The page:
Future Riverine Nitrogen Export to Coastal Regions in the United States: Prospects for Improving Water Quality
- Michelle L. McCrackin *ab,
- John A. Harrisonb and
- Jana E. Comptonc
Nitrogen (N) fluxes generated by an increasing human population have the potential to increase coastal riverine N loading, with implications for areas already degraded by elevated nutrient loads. Here we examine contemporary (year 2005) and future (year 2030) loading of total dissolved N (TDN) in the continental United States using the Nutrient Export from WaterSheds model (NEWS2US–TDN). Model-derived TDN estimates compared well with measured export of 29 catchments that represent 65% of land surface area for the continental United States (Nash–Sutcliffe efficiency = 0.83). Future output is based on scenarios that reflect future population growth and “business as usual” (BAU) and “ambitious” (AMB) approaches to nutrient management. Model-derived TDN export was 2.1 Tg N yr−1 in 2005 and 2.2 and 1.6 Tg N yr−1 in 2030 for the BAU and AMB scenarios, respectively. Depending on year and scenario, agriculture supplies 44 to 48% of coastal TDN, atmospheric N deposition supplies 14 to 17%, human sewage supplies 13 to 18%, and background sources supply 21 to 29%. The AMB scenario suggests that reducing nutrient loads to coastal areas will require aggressive actions, including a 25% improvement in agricultural nutrient use efficiency, a 20% reduction in N runoff from croplands, a 30% reduction in ammonia emissions from agriculture, and a 40% reduction in nitrogen oxide emissions from vehicles. Together, these aggressive actions could reduce year 2030 TDN export by 24% from 2005 levels, even with a 20% larger population.Please view the pdf by using the Full Text (PDF) link under 'View' to the left.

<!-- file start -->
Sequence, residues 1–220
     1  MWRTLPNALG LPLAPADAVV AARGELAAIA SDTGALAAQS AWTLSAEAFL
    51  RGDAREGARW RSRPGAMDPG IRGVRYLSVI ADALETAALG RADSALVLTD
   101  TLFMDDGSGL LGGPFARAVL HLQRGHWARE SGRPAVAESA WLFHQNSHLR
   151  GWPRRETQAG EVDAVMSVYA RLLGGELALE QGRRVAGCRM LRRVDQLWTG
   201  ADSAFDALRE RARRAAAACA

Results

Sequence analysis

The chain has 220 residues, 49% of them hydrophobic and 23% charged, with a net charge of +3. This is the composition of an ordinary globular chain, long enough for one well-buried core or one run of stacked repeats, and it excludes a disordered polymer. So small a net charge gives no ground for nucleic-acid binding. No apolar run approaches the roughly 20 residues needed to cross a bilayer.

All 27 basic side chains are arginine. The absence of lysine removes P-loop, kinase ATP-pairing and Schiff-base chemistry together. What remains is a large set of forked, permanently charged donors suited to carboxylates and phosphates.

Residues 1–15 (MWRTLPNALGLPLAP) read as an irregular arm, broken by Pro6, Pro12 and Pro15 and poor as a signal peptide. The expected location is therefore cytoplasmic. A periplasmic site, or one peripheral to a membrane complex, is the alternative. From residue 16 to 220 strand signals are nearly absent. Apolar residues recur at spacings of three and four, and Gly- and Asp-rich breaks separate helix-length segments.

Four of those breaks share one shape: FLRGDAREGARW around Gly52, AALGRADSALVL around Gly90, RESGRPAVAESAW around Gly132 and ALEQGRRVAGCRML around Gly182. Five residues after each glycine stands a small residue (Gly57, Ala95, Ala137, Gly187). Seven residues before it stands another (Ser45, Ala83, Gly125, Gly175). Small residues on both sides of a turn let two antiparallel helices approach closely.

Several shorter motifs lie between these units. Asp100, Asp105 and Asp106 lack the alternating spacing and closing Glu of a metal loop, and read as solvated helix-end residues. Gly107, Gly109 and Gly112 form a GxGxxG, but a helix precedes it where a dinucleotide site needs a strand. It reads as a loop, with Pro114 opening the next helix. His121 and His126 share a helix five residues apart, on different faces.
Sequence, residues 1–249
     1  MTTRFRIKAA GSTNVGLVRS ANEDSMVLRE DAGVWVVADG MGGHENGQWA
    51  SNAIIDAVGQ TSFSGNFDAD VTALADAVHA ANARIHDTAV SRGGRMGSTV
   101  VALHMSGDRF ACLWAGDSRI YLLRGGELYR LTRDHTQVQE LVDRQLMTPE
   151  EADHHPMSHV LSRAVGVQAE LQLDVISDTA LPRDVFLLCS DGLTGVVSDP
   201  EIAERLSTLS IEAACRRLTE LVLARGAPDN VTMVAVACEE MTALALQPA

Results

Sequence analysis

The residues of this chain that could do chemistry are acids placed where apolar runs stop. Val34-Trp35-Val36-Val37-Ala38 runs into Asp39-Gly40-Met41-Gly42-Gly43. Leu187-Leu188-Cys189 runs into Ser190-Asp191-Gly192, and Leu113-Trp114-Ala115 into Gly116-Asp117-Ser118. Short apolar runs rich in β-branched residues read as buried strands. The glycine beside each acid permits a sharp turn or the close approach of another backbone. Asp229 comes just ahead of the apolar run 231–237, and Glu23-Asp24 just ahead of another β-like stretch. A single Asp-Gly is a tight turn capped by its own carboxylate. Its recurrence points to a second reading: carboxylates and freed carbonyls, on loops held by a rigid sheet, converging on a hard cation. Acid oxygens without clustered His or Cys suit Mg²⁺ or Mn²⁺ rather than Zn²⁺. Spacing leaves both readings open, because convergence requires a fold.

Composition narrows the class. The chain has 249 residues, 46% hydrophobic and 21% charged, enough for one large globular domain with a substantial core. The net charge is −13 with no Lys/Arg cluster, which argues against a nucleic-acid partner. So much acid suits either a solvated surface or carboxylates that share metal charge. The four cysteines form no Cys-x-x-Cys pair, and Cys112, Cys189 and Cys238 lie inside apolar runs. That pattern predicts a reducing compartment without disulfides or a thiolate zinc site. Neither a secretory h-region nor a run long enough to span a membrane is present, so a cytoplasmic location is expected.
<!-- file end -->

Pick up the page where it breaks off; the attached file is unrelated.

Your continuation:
Copyright © 2014. . Copyright © by the American Society of Agronomy, Crop Science Society of America, and Soil Science Society of America, Inc.